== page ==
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Posted: Monday August 24, 2009 5:08PM; Updated: Monday August 24, 2009 6:35PM
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INSIDE BASEBALL

Lights-out Lee has made Philly the team to beat again in the NL

Story Highlights

Lee's effect on Philly has mirrored CC Sabathia's impact on Milwaukee last year

Lee has even stirred discussion about his worthiness as an NL Cy Young candidate

Phillies teammate Ben Francisco: "He's the best pitcher in baseball"

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Cliff Lee
Cliff Lee improved his record to 5-0 with the Phillies by pitching seven strong innings against the Mets on Monday.
AP
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NEW YORK -- Before Monday afternoon's series finale against the Mets, Phillies lefty Cole Hamels was sitting at his locker in the visitor's clubhouse at Citi Field discussing with teammate Ben Francisco the topic on the minds of sports fans everywhere -- fantasy football, of course -- when he was asked about Cliff Lee, the man who shares a locker next to him and who has been a fantasy come to life for the Phillies since arriving with Francisco in a late-July trade. Just what did Hamels and the Phils think they were getting when they heard about Lee's impending arrival?

"We expected CC Sabathia: win every game, go nine innings, pitch every three days," said Hamels, who hastened to add "Just kidding."

Hamels may have been joking -- after all, who could reasonably have expected a duplication of Sabathia's domination after he was dealt from Cleveland to Milwaukee last summer? -- but that's exactly what the Phillies have received: a near carbon copy of CC.

Sabathia electrified the baseball world last summer after his trade to the Brewers, going 11-2 with a 1.65 ERA and seven complete games in 17 starts, helping the Brewers survive a wild wild-card race and reach their first postseason in 26 years. Lee, though with substantially less fanfare, has been even better than Sabathia in his first month with his new club. While Sabathia went 4-0 with a 1.82 ERA, three complete games, 34 strikeouts and 10 walks in his first five starts with Milwaukee, Lee has gone 5-0 with a 0.68 ERA, two complete games and only six walks against 39 strikeouts in 40 innings for the Phillies. "I'm doing what I expected of myself, going deep in games and giving us a chance to win," Lee said after beating the Mets with seven strong innings on Monday. "I just didn't expect to do it this well."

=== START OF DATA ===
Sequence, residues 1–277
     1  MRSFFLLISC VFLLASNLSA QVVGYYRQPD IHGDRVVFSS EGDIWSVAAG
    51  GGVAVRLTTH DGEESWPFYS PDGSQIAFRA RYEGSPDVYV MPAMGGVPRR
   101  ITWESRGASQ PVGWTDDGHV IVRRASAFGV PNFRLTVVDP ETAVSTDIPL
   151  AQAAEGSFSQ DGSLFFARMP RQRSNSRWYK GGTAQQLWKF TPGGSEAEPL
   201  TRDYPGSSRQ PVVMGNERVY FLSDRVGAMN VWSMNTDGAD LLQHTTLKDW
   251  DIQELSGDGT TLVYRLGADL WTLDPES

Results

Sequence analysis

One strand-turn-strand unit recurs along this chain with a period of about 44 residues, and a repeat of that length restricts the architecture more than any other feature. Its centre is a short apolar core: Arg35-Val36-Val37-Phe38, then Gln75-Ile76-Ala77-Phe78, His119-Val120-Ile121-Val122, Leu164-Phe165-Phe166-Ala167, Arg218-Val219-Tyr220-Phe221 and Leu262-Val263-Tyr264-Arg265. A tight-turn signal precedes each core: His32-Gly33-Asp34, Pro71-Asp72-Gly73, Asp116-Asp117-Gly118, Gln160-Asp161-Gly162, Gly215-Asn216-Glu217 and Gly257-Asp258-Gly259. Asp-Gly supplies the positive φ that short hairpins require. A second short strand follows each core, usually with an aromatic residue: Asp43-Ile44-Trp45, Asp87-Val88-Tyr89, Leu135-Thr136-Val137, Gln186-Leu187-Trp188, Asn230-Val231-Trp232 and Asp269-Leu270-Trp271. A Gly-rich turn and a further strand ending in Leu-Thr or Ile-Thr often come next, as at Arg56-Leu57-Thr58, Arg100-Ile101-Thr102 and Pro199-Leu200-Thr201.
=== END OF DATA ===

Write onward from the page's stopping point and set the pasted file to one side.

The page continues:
Lee has been so good, in fact, that just as Sabathia did a year ago, he has stirred discussion about his worthiness as an NL Cy Young candidate. While Sabathia finished fifth (with one first place vote), his candidacy was legitimized by pitching almost as much in the NL as he did in the AL, making 18 starts with the Indians and 17 with the Brewers. Lee, however, did not arrive in the NL until nearly two-thirds of the season had elapsed, and he dismisses such talk of another Cy with a wave of his hand.

"I don't think that should be allowed," he said. "There's an American League Cy Young and a National League Cy Young. If they had one for both leagues, OK, but they don't. It wouldn't be fair to Tim Lincecum or Matt Cain, guys like that. The way they've pitched, to have someone come in and pitch half a year, get half the number of wins and get the awards when they're more deserving, that's not right."

That is unquestionably the prevailing sentiment throughout baseball, but not everyone agrees. And Lee's performance, on the heels of Sabathia's a year ago, will undoubtedly change some minds.

"I definitely think he should be a contender for the Cy Young," Hamels said. "No matter what league you're pitching in, these are major league hitters you're facing and they're trying to beat you. You should be allowed to combine your numbers."

Truth be told, though, it is very unlikely he'll be adding a second Cy Young Award this offseason, as there are many factors working against him. For one, there's the season-long brilliance of Lincecum, the Giants' righty who is the odds-on favorite to repeat as the NL winner. Another obstacle is that unlike Sabathia, Lee has not been asked to get his team to October, only to make sure it stays for awhile once it gets there. The Phillies are the defending world champions. They had a seven-game lead when Lee was acquired, and it was still seven after they dumped the Mets on Monday. The final reason may be that despite pitching in a bigger market, Lee doesn't have nearly the cache of Sabathia to help win him extra votes. If his former Indians teammate looks like a linebacker and punctuates big strikeouts with bursts of emotion rarely seen among baseball players, Lee more resembles a golfer, happy to celebrate his important strikeouts internally before jogging quickly off the mound. While Sabathia possesses a sizzling fastball in the high-90s, ready-made for the highlight reel, Lee's settles in the low-90s -- an effective (but much less sexy) speed zone. Yet combining Lee's fastball with his other pitches -- plus a healthy dose of movement and moxie -- makes for a potent mixture. "He throws with conviction, instead of thinking, 'Maybe I should throw this pitch,' " shortstop Jimmy Rollins said. "That sets guys up."

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